I sign up for a seven-day plan of ‘preparatory and elimination therapies’ that are steps along the path to Panchakarma (Ayurvedic detoxification). On my first visit, Dr Srilal takes my pulse and asks me a series of questions about my eating, sleeping and bodily functions in order to determine my ‘dosha’ (constitution).
“There is the constitution of the universe and the constitution of the body,” says Dr Srilal. According to the ancient life philosophy of Ayurveda (meaning ‘the knowledge of life’), we can’t change the constitution we are born with but we can balance the body through the right combination of lifestyle, exercise and diet.
Dr Srilal prescribes a series of daily treatments including full-body massages, facials, steams and herbal baths. I’m scrubbed with Indian gooseberry paste, turmeric and smothered in sesame oil, honey and milk until I have the tell-tale euphoric glow, red-stained feet and armpits that come with visits to the Wedegaedara.
A couple of days later Dr Srilal reassures me that my pulse is better and that the strange crawling sensation around my navel is just toxins gathering in my belly. It’s all part of the process. The other important ingredient is the food.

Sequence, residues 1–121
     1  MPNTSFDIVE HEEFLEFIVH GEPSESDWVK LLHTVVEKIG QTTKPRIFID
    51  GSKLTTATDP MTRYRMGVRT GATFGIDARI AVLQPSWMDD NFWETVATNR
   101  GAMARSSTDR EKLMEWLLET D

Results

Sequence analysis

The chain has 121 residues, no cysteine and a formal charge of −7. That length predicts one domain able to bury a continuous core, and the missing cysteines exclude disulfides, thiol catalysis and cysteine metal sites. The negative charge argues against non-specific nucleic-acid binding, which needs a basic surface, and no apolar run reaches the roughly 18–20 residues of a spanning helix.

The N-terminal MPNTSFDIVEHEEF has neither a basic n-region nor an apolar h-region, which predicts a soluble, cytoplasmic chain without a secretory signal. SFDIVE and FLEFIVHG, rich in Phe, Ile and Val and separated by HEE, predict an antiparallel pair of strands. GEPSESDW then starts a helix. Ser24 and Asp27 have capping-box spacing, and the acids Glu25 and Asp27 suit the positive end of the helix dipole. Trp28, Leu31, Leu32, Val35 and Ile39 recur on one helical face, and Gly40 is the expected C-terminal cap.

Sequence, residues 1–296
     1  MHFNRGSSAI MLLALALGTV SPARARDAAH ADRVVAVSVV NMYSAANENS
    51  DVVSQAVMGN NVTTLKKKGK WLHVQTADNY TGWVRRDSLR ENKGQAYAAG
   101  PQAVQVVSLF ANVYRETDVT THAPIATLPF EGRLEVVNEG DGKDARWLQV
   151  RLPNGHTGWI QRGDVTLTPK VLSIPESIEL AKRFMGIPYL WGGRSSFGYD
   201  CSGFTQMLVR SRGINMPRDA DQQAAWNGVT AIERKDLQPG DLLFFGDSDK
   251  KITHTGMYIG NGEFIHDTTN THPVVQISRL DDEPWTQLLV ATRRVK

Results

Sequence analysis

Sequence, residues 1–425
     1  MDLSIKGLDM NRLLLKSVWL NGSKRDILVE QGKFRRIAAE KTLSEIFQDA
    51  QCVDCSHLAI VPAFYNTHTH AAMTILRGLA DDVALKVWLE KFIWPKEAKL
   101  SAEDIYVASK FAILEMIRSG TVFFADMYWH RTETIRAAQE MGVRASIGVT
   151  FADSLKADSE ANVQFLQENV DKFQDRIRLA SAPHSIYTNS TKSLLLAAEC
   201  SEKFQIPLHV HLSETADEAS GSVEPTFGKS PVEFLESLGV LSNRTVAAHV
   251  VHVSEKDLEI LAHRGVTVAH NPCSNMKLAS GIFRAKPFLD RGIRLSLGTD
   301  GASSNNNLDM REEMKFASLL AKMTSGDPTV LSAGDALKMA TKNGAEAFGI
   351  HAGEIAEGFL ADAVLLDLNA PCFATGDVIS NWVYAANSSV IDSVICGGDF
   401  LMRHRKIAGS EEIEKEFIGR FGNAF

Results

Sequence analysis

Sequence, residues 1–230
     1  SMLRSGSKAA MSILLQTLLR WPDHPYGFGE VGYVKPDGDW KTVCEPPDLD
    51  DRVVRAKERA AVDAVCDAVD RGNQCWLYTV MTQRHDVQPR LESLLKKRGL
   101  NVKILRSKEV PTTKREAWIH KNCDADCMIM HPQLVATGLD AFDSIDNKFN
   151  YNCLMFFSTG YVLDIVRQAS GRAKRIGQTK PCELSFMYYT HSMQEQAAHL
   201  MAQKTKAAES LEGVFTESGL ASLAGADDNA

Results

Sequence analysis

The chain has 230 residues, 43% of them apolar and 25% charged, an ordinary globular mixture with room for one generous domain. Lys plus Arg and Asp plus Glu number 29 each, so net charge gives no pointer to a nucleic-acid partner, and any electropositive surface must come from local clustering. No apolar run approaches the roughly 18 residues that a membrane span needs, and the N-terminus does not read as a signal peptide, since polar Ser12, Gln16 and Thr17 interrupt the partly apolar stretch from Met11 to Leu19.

Based on Ayurvedic principles of balancing Vatta (air), Pitta (fire) and Kapha (water) our meals include the six tastes of sweet, sour, salty, bitter, pungent and astringent. With fresh produce plucked from the kitchen garden and cooked in terracotta pots on open fires, there’s an earthy wholesomeness about the menu. Curries, rice, vegetables and fruit are the daily staple and on ‘hopper night’ we party on Sri Lankan-style pancakes and the local brew, Arak.
Frolicking on the lake with newfound friends one day, I recall Viren describing his relationship with Tennekoon and Giles. “Our connection was just about having fun and everything we did was just like playing,” he said. His words evoke a sense of the carefree delight of childhood and it dawns on me that this place is like Never Never Land for grown-ups.
As we gather in the tea hut on my last morning at Ulpotha I wonder if I’m one step closer to the ‘Moksha’ (enlightenment) Dr Srilal described as the ultimate goal of Ayurveda.
Somewhat ironically, I catch a glimpse of a fellow guest’s tattoo and its reminder that ‘this too shall pass’. But for the moment I promise to hold onto the magic and memory of this little piece of sacred Sri Lanka.
Australian Yoga Journal